Thank you very much to all of you for playing our 'Fish Turing Test'. We have had thousands of players for all over the world. The map below shows the locations of the people who have tried to tell the difference between real and simulated fish.
If you played the game, then you already know if you could spot the difference or not. If you got 6 out of 6 there is a pretty good chance that you know your fish from a simulated particle. But how did the average person perform?
We were quite surprised at the results. It turns out that the average score from the all the attempts to play the game was 3.09 out of 6. Not much better than random! This is good news for us, since it shows that our simulations are pretty realistic. But it also means that our simulations managed to fool most of you.
While we can fool some of the people some of the time, we can't fool all of the people all of the time. Several researchers on Twitter claimed that they got 6 out of 6. And our data supports that claim. The grey histogram below shows scores over all attempts. We also compare this to a binomial distribution (the blue line), which would have occurred if guesses were entirely random.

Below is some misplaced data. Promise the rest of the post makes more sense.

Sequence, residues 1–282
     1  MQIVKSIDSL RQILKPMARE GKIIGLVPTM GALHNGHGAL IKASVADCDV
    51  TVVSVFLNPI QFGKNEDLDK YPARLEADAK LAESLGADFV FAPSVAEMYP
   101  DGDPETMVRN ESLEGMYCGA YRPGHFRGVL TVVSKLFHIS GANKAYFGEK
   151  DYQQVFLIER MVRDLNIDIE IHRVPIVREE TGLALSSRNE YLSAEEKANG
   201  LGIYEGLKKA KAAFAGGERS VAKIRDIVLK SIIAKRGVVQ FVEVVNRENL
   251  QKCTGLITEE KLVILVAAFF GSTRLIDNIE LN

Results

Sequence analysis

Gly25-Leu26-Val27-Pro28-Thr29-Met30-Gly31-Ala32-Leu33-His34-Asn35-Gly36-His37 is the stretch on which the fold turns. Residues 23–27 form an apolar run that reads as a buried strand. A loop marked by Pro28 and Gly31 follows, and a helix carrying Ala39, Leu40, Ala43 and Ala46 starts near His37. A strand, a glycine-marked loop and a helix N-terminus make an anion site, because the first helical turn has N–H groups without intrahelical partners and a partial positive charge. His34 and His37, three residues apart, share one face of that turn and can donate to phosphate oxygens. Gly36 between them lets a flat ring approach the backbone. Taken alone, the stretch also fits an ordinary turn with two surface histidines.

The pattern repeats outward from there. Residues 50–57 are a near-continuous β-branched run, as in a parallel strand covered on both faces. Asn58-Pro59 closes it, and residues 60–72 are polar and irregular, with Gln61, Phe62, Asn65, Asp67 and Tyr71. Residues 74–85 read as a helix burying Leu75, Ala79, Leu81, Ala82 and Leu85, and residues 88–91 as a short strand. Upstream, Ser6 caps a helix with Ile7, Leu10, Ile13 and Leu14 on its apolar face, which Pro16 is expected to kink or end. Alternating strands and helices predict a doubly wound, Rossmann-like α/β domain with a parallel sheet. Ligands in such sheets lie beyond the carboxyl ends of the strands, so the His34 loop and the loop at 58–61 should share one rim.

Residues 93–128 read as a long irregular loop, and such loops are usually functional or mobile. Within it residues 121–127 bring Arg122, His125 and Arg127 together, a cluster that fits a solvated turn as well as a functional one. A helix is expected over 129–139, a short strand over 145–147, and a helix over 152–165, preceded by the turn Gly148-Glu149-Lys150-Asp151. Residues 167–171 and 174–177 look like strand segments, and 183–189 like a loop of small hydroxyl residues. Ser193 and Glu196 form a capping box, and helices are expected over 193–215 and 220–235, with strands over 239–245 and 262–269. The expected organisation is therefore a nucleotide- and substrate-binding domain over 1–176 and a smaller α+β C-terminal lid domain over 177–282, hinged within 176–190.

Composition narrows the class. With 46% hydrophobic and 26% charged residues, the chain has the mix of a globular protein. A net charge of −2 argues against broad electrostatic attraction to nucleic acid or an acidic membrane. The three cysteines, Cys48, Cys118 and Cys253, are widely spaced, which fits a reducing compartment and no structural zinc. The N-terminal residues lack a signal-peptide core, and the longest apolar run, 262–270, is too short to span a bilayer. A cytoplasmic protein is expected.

This analysis shows that the guesses were not entirely random. In particular, there was a small number of clever people who reliably got 6 out of 6. There were also almost as many people who reliably got 0 out of 6!
Zero isn't as bad as it sounds. Indeed, both the 0 and 6 scores show that a good number of people can spot a difference. It is just that sometimes they conclude that simulations look more real than reality.
With that in mind, we now have a new challenge. We have added a function to our game for those of you who think you can get 6 out of 6. Play the game again, and when you get 6 out of 6, you will get an information box. We would love it if you could fill in how you did it. How did you spot the difference between the fish? What cues did you use? Tell us how you could spot the difference and help us improve our simulations. It is all a contribution to fishy science.